Alex Blaker, President at Tech Supplier, Inc. Talks Holiday Shopping and Returns with Cheddar Life

Holiday shopping can lead to record sales for retailers but returns are also a major part of the holiday season and they wreck havoc with stores. Online shopping is up, e-commerce will account for 10% of retail sales in 2018. Shoppers are more prone to returning items purchased online because they aren’t sure exactly what they’re getting.

Buying or receiving merchandise as a gift, then bringing back is a problem all year long. Americans returned $284B worth of merchandise last year and we expect that number to rise for 2015. Policies have gotten more liberal, stores are more competitive with one another, Wal-Mart and Target for example allow you to purchase online and return to the store and Amazon and Zappos has always had an extremely liberal return policy.

Problems caused by having to restock items, being left with merchandise post-December that won’t sell and fraud is also a significant problem. Alex Blaker is the president of Tech Supplier, Inc., a New Jersey based company specializing in reverse logistics and provides insight on a few of the reasons behind holiday shoppers returning of gifts.

Cheddar Life (CL): What are some of the most popular items you expect to be purchased and returned?

Alex Blaker (AB): Any new technology tends to have higher return rates. For example last year we saw drones (the hobby/photography helicopter type devices) have very high return rates. It’s a totally new technology and a lot of people are just curios what they are and how they work. So with the very accommodating return policies that most online retailers have adopted, you get a lot of people “renting” these items. They buy it, don’t really like it, and send it back. Or in the case of drones, they crash it into a wall, and then return it.

CL: Where are most returns coming from: items people are buying online or the store?

AB: Returns through online channels tend to be higher. People don’t get to see the item in person, so they are sometimes surprised when it arrives. Online retail outlets also understand that they have to appeal to a customer over a brick and mortar store so they have very lenient return policies, take Zappos for example, who will take anything back for an entire year.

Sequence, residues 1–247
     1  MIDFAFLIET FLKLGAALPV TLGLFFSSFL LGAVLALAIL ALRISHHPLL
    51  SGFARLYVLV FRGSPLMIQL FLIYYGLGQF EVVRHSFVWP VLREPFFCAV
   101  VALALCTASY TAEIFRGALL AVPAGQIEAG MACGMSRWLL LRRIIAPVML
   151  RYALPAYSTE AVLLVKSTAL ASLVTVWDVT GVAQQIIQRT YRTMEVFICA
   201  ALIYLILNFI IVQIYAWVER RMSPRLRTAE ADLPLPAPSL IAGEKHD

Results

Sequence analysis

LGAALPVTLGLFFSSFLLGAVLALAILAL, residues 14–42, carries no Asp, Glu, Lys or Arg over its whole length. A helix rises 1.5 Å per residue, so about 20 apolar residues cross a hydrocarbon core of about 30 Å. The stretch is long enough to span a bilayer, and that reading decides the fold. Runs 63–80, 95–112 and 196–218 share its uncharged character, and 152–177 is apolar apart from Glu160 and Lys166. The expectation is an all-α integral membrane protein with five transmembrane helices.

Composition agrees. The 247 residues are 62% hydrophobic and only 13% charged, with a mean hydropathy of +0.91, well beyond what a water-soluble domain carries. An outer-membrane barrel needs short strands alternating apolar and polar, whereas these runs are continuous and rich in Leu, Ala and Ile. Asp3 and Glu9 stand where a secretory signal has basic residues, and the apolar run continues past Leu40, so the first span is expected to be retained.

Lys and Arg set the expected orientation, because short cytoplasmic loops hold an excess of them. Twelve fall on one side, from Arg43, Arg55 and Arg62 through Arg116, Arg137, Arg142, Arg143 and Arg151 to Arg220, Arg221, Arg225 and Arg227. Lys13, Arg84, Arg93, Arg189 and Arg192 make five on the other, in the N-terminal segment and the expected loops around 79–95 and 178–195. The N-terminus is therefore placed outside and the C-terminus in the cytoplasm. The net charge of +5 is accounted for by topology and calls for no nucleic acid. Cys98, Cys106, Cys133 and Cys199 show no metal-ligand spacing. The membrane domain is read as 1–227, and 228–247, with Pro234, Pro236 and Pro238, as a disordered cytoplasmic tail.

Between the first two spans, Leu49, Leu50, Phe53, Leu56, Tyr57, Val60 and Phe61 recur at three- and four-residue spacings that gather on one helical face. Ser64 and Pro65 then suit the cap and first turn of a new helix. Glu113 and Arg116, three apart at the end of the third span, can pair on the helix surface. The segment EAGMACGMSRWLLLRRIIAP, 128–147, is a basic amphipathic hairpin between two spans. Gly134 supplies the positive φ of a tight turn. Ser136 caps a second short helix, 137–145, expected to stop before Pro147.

CL: Do you think people get over-excited to shop on Black Friday and then when the items arrive they have regret?

AB: I don’t think that’s a big component of holiday season returns. In general holiday season return rates are roughly the same as all other times of the year. Any spike tens to be because someone is buying an item for someone else, and they don’t always get it right when guessing what the other person wanted.

CL: What are the main reasons people aren’t happy with what they order online?

AB: What arrived is in some way different than their expectations. This is why, as an online retailer it’s so important to properly set expectations, and to provide a plethora of detail about the item. It increases customer knowledge about the item, and decreases the return rate.

CL: What needs to be done before something can be put on the shelf to be sold again?

AB: The most important thing is to understand your customer and what you want to sell them. In the case of pre owned product, you need to think about the customer experience in exactly the same way you would with a brand new item. Apple devices for example were some of the original innovators in product packaging. The experience of opening an apple item is so enjoyable that there has even become an entire culture around unboxing items, with thousands of YouTube unboxing video’s being posted every day. Often times manufacturers or retailers think that just because someone is buying a second hand item, they should be treated like a second tier customer, and that’s exactly what you want to avoid. The target customer for a pre owned item is someone who loves your brand, and your product but doesn’t have the means to afford a brand new one. As a manufacturer or retailer, you want the customer to have exactly the same experience they would if they were buying a brand new item. This is your opportunity as a manufacturer to convert a lower price bracket shopper to be a core customer of your brand. Provide them an enjoyable buying and unboxing experience and earn their business next time. Make them feel like you are trying to find a trash receptacle for your garbage and they’ll never respect the your brand.

CL: How does a reverse logistics company that specializes in dealing with returns from stores help?

AB: Our engagement with a brand can be as limited or involved as they want. Often times we work with brands to provide valuable insight into the customer experience, from small details like product packaging all the way up to topics like price points. For brands that don’t want to deal with customer service we offer the use of our customer service and warranty department to directly handle all customer returns and customer service needs. As a direct retailer of pre-owned inventory and a reverse logistics facility we have vertical integration over the entire spectrum of return logistics and re marketing activities. This means we can achieve higher asset recovery values, provide more control of the re marketing process, ensuring channel segregation, and we directly control the customer experience allowing for a complete feedback loop for process improvement.

Connect with Alex Blaker on LinkedIn, Facebook, and Twitter and follow Cheddar Life on Facebook, Twitter, and Instagram.

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